RESEARCH TRIANGLE PARK, N.C. – A federal court appeared to hand SCO devastating setbacks in its lawsuit against Novell over rights to UNIX. But the closely watched battle that also includes IBM and the open source/Linux communities is far from over, the software company says.

On Friday, the court ruled: “Novell is the owner of the UNIX and UnixWare Copyrights.”

For SCO, which is based in Utah, the decision meant “That’s Aaaaall, Folks!” proclaimed blogger Pamela Jones on the Groklaw blog site. (Groklaw has followed the case in minute detail – with Web hosting provided by at UNC-Chapel Hill).

“There are a couple of loose ends, but the big picture is, SCO lost. Oh, and it owes Novell a lot of money from the Microsoft and Sun licenses,” Jones wrote.

The judge also requested more information as it relates to IBM to be submitted by August 31.

However, in its first comments issued Sunday, SCO saw matters somewhat differently.

“The company is obviously disappointed with the ruling issued last Friday,” SCO said. “However, the court clearly determined that SCO owns the copyrights to the technology developed or derived by SCO after Novell transferred the assets to SCO in 1995. This includes the new development in all subsequent versions of UnixWare up through the most current release of UnixWare and substantial portions of SCO UnixWare Gemini 64. Also, SCO owns the exclusive, worldwide license to the UnixWare trademark, now owned by The Open Group. SCO’s ownership of OpenServer and its Mobile Server platforms were not challenged and remain intact. These SCO platforms continue to drive enterprises large and small and our rapidly developing mobile business is being well received in the marketplace.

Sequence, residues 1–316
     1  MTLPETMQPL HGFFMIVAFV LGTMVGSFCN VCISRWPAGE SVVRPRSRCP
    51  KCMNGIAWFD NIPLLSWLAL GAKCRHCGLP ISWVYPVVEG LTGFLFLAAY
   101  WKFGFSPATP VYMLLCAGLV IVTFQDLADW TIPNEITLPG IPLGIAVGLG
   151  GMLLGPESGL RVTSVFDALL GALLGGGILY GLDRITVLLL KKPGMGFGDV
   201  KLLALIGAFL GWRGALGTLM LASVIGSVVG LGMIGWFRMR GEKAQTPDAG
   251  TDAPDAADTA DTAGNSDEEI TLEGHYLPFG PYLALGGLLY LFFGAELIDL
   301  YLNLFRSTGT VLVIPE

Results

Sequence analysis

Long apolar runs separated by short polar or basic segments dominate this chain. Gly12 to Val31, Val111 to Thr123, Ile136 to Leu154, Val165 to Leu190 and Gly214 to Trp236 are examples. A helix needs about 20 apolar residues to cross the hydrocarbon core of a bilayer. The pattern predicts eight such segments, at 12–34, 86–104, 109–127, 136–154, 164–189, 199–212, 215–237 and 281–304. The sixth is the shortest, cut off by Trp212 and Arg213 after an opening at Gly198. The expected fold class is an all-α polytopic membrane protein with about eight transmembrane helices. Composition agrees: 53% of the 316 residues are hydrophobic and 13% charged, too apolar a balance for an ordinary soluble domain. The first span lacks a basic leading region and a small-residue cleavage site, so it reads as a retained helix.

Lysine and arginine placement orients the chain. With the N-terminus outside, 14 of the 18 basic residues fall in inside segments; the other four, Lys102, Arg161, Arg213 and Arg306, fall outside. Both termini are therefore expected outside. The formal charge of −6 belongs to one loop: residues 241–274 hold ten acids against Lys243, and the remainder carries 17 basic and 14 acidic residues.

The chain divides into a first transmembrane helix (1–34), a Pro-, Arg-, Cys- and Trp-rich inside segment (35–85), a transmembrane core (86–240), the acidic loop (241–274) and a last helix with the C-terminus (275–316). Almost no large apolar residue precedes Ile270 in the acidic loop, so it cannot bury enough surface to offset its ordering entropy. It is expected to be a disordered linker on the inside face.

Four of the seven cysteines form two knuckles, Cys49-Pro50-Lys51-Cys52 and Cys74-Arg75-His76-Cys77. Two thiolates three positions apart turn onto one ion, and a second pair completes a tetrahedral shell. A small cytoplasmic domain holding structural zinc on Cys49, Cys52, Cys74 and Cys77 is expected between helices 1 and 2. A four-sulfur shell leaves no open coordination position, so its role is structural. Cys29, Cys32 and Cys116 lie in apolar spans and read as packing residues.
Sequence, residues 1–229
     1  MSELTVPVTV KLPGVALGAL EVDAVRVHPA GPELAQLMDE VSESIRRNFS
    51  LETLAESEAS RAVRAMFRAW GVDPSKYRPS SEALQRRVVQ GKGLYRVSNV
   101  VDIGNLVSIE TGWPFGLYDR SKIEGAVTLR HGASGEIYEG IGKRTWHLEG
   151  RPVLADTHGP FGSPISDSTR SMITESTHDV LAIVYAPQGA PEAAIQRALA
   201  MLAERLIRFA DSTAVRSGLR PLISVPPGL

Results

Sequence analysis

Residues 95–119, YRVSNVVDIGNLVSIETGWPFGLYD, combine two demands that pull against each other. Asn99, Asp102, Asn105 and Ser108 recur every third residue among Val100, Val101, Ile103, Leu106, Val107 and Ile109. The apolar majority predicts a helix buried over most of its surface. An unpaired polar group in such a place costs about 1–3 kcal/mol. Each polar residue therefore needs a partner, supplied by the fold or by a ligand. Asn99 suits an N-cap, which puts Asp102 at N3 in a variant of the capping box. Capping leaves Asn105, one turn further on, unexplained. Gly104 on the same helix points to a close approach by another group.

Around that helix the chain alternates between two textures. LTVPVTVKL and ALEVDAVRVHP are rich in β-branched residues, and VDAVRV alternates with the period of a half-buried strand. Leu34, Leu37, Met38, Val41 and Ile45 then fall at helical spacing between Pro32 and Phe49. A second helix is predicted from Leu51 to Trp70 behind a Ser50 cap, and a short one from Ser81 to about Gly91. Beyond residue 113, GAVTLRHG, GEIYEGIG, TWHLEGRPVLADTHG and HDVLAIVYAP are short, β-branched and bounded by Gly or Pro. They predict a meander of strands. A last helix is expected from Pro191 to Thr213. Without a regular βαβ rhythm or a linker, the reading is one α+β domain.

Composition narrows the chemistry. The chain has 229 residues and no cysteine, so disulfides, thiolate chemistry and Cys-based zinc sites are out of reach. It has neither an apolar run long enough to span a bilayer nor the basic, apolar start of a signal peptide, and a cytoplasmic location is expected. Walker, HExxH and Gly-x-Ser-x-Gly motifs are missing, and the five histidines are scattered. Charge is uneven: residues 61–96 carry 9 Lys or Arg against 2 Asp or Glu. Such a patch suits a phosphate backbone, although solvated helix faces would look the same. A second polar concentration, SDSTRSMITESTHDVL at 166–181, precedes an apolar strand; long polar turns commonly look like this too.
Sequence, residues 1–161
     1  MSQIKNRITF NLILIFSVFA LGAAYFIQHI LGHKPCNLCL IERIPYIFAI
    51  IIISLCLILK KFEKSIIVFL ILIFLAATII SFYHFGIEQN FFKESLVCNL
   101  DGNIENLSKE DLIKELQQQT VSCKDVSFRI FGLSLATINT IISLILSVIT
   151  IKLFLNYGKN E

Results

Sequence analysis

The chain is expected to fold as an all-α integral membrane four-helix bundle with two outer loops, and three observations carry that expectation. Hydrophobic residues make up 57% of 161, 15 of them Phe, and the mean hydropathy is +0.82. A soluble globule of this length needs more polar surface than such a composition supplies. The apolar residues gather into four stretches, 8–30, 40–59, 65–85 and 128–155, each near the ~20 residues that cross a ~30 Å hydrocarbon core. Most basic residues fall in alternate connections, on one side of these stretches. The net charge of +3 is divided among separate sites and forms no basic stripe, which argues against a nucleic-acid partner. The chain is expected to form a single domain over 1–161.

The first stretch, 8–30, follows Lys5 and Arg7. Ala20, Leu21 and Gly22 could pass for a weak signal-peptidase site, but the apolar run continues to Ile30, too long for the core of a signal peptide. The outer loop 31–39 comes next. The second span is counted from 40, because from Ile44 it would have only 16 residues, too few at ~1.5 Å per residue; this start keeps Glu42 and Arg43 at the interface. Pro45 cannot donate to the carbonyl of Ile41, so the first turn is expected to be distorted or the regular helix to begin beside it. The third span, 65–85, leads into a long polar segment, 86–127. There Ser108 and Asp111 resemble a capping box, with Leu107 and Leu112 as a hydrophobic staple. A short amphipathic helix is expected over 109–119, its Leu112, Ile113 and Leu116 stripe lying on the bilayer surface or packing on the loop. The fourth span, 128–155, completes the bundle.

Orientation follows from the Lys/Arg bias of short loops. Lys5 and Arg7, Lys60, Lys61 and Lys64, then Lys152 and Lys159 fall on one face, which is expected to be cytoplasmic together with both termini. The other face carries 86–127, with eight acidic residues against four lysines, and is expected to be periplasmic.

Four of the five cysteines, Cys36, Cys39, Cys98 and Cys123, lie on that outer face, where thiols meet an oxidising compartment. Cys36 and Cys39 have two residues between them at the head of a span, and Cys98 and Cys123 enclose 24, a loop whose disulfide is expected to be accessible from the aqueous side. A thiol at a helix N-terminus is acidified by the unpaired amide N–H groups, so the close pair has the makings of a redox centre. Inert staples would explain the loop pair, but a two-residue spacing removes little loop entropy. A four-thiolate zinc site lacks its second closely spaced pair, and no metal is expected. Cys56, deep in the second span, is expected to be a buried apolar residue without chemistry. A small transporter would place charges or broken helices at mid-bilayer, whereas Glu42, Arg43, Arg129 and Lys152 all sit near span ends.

“What’s more, the court did not dismiss our claims against Novell regarding the non compete provisions of the 1995 Technology License Agreement relating to Novell’s distribution of Linux to the extent implicated by the technology developed by SCO after 1995. Those issues remain to be litigated.”

The SCO lawsuit has cast a shadow over open source efforts, generating fears an SCO victory could heavily impact Linux users and companies such as Red Hat. The Linux community almost universally denies that it violates any copyright – from either Linux or Microsoft.

Paul McDougall, writing at InformationWeek, pointed out that IBM has prevailed in much of its case against SCO. But he noted that Friday’s decision didn’t close it entirely. And he said Linux users need to be cautious.

“If I’m a Linux user, do I really want SCO v. IBM to be called off without a definitive ruling on SCO’s claims?” he wrote.

“A victory by IBM could have quashed for good the notion that Linux infringes on Unix. If the case is dropped, then questions will still linger and might later be revived—by Novell or someone else.”

At Groklaw, however, Jones called the ruling a victory for the “entire” free and Open Source Software community, proclaiming:

“I’m eating chocolates!”